Meet The Next Ruth Bader Ginsburg — Senate Confirms Top Women’s Rights Attorney To Federal Bench

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"Meet The Next Ruth Bader Ginsburg — Senate Confirms Top Women’s Rights Attorney To Federal Bench"

Judge Nina Pillard

Judge Nina Pillard


With her confirmation to the second highest court in the nation very early Thursday morning, Judge Nina Pillard should immediately rocket to the top of the Democratic shortlist of potential nominees to the Supreme Court. Though there are a number of Democratic judges who possess the youth, brilliance and legal credentials required from a new Supreme Court justice, Pillard brings something to the bench that is quite rare among judges — she’s won two of the most important civil rights victories to reach the Supreme Court during her career.

Pillard was a member of the legal team in United States v. Virginia, which eliminated the Virginia Military Institute’s discriminatory policies against women and cemented the rule that no law may engage in gender discrimination unless there is an “exceedingly persuasive justification” for doing so. Seven years later, Pillard argued and won Nevada Department of Human Resources v. Hibbs, an important case helping women (and men) with families to have a fair opportunity to participate in the workplace. (We could say many other things about Pillard’s record, but rather than repeat ourselves, please see our previous coverage here and here.)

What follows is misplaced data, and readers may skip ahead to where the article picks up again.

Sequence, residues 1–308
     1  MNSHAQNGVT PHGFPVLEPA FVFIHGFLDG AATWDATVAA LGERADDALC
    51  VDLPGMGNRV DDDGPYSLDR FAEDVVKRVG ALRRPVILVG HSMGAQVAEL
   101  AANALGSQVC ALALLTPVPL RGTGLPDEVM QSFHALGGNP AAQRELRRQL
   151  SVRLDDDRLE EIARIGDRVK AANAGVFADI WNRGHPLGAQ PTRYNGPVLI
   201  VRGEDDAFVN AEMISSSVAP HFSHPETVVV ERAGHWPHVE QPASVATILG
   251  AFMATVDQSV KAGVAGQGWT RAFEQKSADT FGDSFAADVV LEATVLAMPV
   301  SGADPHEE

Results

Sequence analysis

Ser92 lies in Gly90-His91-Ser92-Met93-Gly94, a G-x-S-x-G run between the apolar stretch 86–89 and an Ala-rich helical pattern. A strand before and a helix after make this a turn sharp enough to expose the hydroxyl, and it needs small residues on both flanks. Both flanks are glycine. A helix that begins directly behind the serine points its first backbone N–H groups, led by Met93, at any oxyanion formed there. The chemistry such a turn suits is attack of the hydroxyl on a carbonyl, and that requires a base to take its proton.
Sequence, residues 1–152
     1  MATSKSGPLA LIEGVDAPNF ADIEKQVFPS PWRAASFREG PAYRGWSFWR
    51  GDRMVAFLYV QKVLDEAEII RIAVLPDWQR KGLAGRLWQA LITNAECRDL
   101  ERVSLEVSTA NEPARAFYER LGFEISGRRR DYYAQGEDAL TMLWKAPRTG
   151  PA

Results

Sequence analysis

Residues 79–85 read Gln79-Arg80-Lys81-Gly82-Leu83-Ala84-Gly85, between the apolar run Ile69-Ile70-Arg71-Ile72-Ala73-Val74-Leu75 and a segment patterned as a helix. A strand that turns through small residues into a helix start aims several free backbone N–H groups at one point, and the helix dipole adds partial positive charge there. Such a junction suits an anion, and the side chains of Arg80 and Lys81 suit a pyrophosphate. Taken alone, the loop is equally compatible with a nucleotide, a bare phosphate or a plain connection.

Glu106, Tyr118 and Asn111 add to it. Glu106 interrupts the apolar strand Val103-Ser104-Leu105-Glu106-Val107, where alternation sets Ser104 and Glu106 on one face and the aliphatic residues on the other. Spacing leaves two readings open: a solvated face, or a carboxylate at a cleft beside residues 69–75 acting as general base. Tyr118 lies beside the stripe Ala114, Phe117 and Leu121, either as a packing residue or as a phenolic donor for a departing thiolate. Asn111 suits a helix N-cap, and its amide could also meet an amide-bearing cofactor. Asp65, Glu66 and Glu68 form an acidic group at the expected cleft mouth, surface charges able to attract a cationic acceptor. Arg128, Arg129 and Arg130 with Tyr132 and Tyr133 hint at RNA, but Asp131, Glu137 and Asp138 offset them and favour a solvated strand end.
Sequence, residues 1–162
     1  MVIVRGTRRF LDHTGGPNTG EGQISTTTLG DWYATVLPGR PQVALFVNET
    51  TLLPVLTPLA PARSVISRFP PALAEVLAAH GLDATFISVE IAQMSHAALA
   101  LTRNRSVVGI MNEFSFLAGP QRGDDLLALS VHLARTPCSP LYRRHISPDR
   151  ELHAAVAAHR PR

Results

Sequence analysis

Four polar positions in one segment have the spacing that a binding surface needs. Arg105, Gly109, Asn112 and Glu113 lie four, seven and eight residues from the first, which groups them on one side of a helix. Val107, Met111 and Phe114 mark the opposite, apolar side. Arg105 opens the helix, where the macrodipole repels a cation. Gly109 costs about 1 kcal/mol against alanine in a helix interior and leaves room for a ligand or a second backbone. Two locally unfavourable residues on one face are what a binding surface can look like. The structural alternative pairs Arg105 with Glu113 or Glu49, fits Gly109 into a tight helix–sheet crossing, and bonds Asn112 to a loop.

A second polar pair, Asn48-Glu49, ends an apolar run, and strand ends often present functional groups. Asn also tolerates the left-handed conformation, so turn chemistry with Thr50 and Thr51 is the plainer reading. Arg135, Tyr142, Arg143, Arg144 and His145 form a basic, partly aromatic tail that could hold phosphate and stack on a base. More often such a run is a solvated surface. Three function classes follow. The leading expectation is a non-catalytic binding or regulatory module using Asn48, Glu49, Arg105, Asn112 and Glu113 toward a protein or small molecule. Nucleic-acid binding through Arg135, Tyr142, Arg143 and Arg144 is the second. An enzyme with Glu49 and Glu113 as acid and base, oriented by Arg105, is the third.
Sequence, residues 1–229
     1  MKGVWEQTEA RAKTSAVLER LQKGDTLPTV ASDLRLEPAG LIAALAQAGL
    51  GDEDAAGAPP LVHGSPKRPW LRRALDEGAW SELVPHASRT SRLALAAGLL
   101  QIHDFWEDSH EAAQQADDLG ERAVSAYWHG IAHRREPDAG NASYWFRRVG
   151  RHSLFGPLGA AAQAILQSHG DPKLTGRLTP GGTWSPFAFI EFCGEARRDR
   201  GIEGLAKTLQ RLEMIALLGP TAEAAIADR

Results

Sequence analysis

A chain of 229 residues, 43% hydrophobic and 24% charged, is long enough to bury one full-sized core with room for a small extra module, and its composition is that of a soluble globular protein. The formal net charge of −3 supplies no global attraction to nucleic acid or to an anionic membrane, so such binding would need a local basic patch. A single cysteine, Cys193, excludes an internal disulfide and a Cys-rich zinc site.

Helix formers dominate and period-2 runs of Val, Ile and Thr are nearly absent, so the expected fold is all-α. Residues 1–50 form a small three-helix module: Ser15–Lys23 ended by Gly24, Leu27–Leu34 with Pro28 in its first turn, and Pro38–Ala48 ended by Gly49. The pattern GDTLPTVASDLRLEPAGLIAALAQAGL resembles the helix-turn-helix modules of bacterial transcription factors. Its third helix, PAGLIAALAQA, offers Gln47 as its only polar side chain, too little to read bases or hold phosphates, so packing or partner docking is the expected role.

Indeed, it likely that there is only one other judge currently on the bench who accomplished as much as a litigator for women’s rights as Judge Pillard did in her career as an attorney — Justice Ruth Bader Ginsburg.

Yet, while judges like Pillard and Ginsburg are rare right now, they don’t have to be much longer now that the filibuster no longer gives the Senate minority a veto power over judicial nominees. Nor is there a shortage of eminent attorneys — Pam Karlan, Paul Smith, Debo Adegbile — who have fought and often won major victories for gay rights, voting rights, racial justice and other important civil rights. The tragedy of Pillard and Ginsburg is that there does not need to be so few of them.

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